Nick Starling says older people should have access to insurance cover and not be discriminated against
Youth, as Oscar Wilde said, is wasted on the young. Whether that is right may depend on your age, but what is undeniably true is that today the UK's older population is more active than ever.
With increasing spending power, Britain's older customers are becoming an increasingly important consumer market.
For insurers this represents both opportunities and challenges. While increasingly seizing the opportunities, we need to do more to meet the insurance needs of the 'live-longer generation'.
People aged 65 –75 holiday abroad at least as often as those half their age. The number of people in their 70s who drive is growing fast: from 4 million now to 10 million by 2050.
Not surprisingly older customers expect insurance to be widely available to them. Insurers are largely meeting this demand.
For example, the average age limit for accepting new customers for motor insurance has risen to 82, compared to 74 a decade ago. Two thirds of travel insurance policies now cater for people over 65.
But we cannot avoid the stark truth that health and mobility declines with age. In regard to motor and travel insurance the older you are the more you are likely to claim, and for higher amounts.
Drivers over 70 are nearly three-quarters more likely to be killed or seriously injured in an accident than 60 –69 year olds. Customers over 65 are three times more likely to make a travel insurance claim than those aged half their age.
Despite these underwriting challenges, there is a growing market of specialist insurers with the necessary expertise to provide cover for older customers.
ABI research shows that four out of five older travellers have no problem in arranging travel insurance. However, everything is not working as it should. Many older customers feel that the industry discriminates against anyone reaching 65.
This perception may not be the reality, but views like: "They refused me a quote because of my age and made me feel a freak" is one comment from a recent Age Concern/Help the Aged report. This showed that many older customers felt that the cards were stacked against them when it came to getting motor and travel insurance.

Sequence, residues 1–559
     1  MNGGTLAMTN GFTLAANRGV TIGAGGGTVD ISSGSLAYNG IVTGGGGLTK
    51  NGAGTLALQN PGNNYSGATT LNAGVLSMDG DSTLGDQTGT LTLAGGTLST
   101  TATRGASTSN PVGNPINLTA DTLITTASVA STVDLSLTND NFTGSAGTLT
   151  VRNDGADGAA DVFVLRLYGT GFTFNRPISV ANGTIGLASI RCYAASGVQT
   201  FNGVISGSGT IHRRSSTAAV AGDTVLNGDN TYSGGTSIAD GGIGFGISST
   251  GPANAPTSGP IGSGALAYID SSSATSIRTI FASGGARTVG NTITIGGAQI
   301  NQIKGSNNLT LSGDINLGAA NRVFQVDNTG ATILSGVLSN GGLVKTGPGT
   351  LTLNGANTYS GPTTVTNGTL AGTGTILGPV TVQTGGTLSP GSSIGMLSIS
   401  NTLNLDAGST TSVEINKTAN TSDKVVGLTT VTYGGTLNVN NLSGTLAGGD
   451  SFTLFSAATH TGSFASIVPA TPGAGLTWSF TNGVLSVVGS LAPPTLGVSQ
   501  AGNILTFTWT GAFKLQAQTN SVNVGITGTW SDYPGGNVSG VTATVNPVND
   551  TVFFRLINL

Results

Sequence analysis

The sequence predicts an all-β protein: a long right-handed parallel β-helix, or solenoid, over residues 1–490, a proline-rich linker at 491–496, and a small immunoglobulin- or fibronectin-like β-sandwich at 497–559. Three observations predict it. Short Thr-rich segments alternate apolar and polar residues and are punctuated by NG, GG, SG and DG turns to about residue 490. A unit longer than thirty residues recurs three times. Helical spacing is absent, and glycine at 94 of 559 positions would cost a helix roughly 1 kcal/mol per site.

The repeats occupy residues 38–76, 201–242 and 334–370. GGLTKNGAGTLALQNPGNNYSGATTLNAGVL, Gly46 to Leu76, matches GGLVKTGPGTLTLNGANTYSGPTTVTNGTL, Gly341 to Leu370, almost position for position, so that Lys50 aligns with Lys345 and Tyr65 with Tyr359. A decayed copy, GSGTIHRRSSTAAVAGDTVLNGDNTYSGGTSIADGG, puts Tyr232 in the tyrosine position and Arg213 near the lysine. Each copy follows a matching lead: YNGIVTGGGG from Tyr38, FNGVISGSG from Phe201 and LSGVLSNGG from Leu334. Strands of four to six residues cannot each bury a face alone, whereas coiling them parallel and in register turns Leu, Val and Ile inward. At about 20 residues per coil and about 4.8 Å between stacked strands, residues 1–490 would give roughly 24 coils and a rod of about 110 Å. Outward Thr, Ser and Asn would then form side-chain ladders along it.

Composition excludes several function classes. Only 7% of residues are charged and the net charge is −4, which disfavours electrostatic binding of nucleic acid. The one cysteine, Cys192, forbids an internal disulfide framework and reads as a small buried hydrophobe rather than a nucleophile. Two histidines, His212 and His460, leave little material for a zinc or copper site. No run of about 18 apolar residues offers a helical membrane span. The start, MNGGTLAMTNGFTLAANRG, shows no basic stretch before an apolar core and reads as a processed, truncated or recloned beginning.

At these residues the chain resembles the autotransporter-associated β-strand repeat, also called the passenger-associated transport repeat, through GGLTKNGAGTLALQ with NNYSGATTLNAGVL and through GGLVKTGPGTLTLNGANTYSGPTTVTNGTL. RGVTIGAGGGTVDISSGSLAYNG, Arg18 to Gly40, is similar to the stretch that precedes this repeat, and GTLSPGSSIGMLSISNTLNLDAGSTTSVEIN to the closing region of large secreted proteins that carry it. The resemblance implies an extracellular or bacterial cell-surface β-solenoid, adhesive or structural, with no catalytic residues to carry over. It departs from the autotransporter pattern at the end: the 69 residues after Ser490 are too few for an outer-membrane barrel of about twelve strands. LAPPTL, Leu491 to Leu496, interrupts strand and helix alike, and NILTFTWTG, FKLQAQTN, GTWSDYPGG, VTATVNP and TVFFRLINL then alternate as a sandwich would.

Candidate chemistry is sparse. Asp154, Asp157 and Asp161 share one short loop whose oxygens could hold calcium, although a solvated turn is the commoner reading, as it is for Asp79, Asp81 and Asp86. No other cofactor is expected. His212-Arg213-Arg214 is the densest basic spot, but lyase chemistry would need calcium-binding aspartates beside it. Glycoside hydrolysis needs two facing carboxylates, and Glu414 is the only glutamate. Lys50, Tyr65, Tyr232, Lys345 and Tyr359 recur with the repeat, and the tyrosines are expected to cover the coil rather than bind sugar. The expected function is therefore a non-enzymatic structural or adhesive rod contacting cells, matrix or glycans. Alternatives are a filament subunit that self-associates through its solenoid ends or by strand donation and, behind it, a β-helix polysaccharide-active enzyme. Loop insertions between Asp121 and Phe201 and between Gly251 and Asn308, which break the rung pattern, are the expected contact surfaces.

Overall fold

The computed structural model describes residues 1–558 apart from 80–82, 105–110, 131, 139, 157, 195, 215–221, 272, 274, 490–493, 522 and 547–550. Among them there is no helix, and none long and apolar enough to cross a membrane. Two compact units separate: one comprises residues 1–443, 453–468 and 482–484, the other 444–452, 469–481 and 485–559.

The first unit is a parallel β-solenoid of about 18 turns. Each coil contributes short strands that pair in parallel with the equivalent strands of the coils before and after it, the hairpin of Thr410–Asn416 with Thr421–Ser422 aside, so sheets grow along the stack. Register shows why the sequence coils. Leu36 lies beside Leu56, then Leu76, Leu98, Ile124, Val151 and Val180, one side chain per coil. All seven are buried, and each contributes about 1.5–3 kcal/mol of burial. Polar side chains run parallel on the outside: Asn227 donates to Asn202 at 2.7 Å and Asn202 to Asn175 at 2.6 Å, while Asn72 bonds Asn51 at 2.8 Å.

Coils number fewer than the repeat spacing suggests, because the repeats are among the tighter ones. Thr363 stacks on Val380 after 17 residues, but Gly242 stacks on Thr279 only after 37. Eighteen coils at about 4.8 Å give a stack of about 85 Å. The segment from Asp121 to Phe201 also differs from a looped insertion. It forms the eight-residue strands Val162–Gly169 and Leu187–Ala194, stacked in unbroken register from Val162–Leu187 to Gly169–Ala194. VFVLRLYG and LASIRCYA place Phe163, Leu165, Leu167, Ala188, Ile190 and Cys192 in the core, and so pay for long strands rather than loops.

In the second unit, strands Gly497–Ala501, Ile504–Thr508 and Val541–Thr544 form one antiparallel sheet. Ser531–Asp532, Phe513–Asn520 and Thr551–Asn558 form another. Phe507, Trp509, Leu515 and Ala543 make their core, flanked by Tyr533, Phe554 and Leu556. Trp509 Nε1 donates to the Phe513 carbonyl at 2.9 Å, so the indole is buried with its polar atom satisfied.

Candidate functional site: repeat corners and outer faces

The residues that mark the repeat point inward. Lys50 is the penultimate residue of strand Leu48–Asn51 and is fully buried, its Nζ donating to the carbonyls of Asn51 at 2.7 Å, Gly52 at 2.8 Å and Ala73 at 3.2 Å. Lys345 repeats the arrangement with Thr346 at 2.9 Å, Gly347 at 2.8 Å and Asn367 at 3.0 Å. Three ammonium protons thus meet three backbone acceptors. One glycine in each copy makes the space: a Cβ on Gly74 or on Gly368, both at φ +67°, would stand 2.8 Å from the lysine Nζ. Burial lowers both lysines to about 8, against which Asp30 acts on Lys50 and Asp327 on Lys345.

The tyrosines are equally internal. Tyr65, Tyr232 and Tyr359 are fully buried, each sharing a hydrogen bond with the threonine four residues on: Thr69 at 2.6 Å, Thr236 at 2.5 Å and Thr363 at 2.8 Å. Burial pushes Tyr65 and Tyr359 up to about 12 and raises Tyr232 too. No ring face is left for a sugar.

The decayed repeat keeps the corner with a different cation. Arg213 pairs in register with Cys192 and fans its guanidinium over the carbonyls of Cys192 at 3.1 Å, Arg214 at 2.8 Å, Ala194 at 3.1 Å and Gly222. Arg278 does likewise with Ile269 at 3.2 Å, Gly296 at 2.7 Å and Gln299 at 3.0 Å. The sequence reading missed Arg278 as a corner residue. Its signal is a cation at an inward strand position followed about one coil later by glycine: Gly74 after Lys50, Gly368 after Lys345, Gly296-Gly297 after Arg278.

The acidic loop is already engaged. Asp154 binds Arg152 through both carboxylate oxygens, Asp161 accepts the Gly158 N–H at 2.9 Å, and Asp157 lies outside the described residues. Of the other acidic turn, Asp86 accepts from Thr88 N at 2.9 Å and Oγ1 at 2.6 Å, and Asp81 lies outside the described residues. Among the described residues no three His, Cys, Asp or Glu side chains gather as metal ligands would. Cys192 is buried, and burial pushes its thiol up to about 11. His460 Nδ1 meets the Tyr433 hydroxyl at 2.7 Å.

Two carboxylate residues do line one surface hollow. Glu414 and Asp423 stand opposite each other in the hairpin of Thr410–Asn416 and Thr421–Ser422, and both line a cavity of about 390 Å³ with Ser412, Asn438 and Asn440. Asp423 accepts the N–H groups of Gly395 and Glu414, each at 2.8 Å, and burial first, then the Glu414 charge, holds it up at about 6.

Declining to quote, however justified commercially, can be construed as a blanket denial of cover throughout the market, if not handled sensitively.
We see the challenge as how can we help the minority of older customers who face problems to more easily shop around to get the cover they need. We need a system to 'signpost' the routes to obtaining motor and travel insurance.
The ABI has set up a task force to consider how we can develop such a system. Chaired by Keith Morris, chairman of Sabre, the specialist motor insurer, the taskforce will include insurers, Biba, Age Concern, Help the Aged, and Citizens Advice. It aims to develop a system whereby if an insurer cannot provide cover to an older customer, it can direct him to alternative insurers or brokers who can quote terms.
Government also has a role to play. We need a review of the medical licensing process to make it easier for insurers to identify safer older drivers, and reflect this in premiums.
And we must resist calls from some lobby groups for legislation. Standardising policies and removing age limits would raise the costs for all, including older customers, and threaten the existence of the specialist insurers of older people.
The insurance industry is responding competitively and innovatively to the challenge of insuring older customers.
Insurance is all about enabling people to live fuller, more active lives.
We are now working hard to make sure that insurance helps older customers live their lives to the full. IT
Nick Starling is director of general insurance at the ABI